The Oldest College Newspaper in Pennsylvania

The Lafayette

The Oldest College Newspaper in Pennsylvania

The Lafayette

The Oldest College Newspaper in Pennsylvania

The Lafayette

Alan Childs retires after 37 years of ‘great adventure’

For psychology professor Alan Childs, his almost four decades at the college may have gone by fast, but many say the impact he left on the college is far-reaching and long-lasting.

On Wednesday, a reception was held by his fellow faculty, administrators and students to celebrate Childs’ career, which spanned many parts of the college.

“I am just so touched and humbled by the fact that they cared about me enough to put this together and that all of these people are here,” Childs said at the reception.

“The years have gone by so fast,” he said. “It has been a great adventure, and I am a lucky and blessed man to have been a part of it.”

According to Childs, his “greatest achievement” has been getting involved with different parts of the college. During his time here, he has been a professor, administrator, the faculty advisor for the men’s basketball team, founding director of the Center for the Integration of Teaching, Learning, and Scholarship and creator and teacher of the summer abroad trips in London on healthcare.

He is also a three-time recipient of the college’s Student Government Superior Teaching award and winner of the Marquis Distinguished Teaching Award in 2003.

At the reception, fellow colleagues spoke of their time with Childs and his influence at the college.

“We are going to miss him. He has been an exceptional scholar, mentor and friend,” said psychology department head John Shaw in his emotional speech to the crowd.

Shaw also spoke of Childs’ commitment to the college and its’ students, even to students he will never teach.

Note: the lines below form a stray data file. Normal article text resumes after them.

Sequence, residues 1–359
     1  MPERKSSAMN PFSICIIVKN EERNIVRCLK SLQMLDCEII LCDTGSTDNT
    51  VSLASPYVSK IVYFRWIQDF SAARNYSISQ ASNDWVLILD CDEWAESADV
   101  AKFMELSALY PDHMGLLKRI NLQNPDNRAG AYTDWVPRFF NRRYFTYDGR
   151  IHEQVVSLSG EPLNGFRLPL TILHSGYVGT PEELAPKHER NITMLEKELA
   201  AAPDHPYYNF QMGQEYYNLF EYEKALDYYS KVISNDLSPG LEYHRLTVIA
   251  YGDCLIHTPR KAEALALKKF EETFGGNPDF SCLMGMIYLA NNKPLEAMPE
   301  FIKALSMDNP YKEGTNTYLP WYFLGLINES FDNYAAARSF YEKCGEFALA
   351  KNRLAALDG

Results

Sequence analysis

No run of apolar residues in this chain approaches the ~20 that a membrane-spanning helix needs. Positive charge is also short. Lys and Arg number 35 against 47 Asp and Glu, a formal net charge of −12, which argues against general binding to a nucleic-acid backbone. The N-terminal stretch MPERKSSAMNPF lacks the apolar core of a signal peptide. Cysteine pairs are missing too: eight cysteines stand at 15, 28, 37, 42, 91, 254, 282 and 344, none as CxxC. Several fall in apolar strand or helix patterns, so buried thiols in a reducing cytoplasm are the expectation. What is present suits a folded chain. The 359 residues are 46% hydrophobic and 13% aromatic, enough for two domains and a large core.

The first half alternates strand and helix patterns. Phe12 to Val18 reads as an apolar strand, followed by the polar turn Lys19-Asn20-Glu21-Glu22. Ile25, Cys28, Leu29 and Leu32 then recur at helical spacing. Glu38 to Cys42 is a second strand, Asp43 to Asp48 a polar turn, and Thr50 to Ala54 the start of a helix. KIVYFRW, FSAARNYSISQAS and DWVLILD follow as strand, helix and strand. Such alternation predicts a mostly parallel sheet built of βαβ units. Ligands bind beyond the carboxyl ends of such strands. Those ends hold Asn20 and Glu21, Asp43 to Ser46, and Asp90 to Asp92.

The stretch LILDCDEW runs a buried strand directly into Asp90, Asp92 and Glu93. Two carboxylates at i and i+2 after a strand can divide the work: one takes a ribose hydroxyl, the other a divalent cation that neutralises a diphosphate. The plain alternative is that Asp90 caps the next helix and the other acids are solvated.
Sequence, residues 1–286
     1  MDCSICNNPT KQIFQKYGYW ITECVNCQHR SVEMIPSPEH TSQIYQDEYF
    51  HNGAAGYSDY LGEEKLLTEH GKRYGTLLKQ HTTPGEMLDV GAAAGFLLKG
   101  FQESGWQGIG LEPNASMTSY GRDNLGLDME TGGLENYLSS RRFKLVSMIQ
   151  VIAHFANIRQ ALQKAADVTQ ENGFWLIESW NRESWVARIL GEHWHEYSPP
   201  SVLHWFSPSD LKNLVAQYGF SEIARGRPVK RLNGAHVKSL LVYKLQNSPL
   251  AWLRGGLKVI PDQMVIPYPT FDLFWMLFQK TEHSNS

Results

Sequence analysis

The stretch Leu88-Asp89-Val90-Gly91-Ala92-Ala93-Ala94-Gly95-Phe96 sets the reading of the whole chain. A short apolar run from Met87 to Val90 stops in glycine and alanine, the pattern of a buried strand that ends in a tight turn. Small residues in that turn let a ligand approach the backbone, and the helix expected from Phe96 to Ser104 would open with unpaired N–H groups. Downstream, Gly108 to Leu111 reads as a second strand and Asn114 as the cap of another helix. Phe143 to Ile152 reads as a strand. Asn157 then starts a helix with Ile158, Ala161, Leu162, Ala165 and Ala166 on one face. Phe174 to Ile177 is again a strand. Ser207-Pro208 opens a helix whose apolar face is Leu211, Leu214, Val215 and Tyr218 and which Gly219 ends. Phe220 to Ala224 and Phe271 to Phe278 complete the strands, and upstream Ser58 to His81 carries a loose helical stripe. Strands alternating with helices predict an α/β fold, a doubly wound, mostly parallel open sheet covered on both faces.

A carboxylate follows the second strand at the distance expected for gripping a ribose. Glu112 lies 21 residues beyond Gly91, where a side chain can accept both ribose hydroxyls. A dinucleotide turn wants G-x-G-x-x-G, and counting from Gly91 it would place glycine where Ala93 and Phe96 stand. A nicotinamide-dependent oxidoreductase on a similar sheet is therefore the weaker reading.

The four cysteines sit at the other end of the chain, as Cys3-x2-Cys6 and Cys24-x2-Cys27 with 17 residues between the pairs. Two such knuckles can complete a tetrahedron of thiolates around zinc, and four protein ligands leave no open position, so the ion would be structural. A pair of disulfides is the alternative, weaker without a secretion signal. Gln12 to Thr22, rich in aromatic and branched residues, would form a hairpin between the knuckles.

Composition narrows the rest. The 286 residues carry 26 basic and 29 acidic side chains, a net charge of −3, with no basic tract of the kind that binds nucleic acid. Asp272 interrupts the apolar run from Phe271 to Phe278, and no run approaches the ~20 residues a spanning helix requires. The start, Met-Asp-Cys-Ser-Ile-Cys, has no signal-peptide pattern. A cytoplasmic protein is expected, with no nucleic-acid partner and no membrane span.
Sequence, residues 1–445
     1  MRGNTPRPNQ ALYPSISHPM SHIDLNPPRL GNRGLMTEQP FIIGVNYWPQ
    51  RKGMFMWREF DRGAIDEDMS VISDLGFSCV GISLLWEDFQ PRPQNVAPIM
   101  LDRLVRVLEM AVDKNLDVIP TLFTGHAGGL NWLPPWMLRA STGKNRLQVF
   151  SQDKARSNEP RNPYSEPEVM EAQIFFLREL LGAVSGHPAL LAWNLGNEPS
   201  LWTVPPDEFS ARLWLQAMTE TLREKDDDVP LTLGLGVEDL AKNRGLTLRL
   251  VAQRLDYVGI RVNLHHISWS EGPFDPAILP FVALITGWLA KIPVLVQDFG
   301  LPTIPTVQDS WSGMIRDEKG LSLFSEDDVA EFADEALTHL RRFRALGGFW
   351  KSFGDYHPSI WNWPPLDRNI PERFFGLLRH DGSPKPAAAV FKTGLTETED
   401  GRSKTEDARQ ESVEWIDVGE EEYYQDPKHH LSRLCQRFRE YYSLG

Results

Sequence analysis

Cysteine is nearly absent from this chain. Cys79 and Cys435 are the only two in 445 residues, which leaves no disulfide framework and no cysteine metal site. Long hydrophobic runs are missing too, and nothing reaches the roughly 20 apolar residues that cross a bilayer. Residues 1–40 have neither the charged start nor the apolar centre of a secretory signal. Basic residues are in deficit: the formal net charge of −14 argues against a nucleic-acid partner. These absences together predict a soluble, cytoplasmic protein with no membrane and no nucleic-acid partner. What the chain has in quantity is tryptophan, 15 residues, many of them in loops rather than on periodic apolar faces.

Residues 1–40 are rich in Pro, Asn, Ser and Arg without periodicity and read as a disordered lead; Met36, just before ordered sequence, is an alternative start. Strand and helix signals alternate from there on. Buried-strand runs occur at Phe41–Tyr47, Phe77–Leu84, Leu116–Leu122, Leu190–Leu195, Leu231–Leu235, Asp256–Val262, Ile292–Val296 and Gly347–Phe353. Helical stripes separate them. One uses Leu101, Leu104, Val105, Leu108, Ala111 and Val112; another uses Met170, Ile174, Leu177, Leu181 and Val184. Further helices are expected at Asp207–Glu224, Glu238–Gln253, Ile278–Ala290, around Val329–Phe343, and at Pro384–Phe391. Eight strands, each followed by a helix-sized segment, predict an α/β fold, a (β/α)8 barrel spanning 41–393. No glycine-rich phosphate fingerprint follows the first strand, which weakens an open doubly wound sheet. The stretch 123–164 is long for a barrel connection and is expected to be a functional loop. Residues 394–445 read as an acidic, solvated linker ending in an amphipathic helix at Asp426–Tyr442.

“Ten days ago Experience Lafayette occurred, which is the biggest yield event to get admitted students to come to Lafayette. He’s never going to teach these students, but, on a Sunday, Alan was here showing these students and their parents what Lafayette College is all about,” Shaw said, “But I think that shows what Alan Childs is all about.”

When it comes to what Childs is going to do after the school year ends, he is still not sure, but knows he wants to remain a part of Lafayette.

“I really don’t have any official plans after this. I will enjoy my life and family. I am looking forward to spending more time with my grandkids,” he said. “I definitely want to stay connected with the college emotionally, if not any other way. I’m sure I will still be on campus for concerts and lectures and to see my beloved basketball team.”

Childs has been the faculty advisor for the basketball team since 1990. The coaches were all at the event to support him.

“He is an impressive man and genuine in his approach to helping the players and us coaches. He has been like a second father to us,” said assistant men’s basketball Coach Jimmy Fenerty.

Not only do Lafayette faculty members love him, but so do his students.

“However old he is, he is 18 or 19 at heart…You learn the most from your friends and he was one of my close friends on that trip. We did a lot and I learned a lot,” said Sam Komrower ‘17 as he remembered his experience with Childs during his summer interim trip to London in 2015.

Childs was especially appreciative of his department, and spoke of his experiences working with his colleagues.

“[My colleagues] have inspired and tolerated me, they have forgiven my mistakes and encouraged me in my successes,” Childs said. 

According to Childs, however, his happiest memories have been “the times I have been in a classroom when everything is clicking and the students are having a good time and I am having a good time and we accomplish something special together.”

While Childs may be retiring as a professor, he will not be able to simply leave teaching behind.

“I am a professor not because it is what I do but because it is who I am,” he said.

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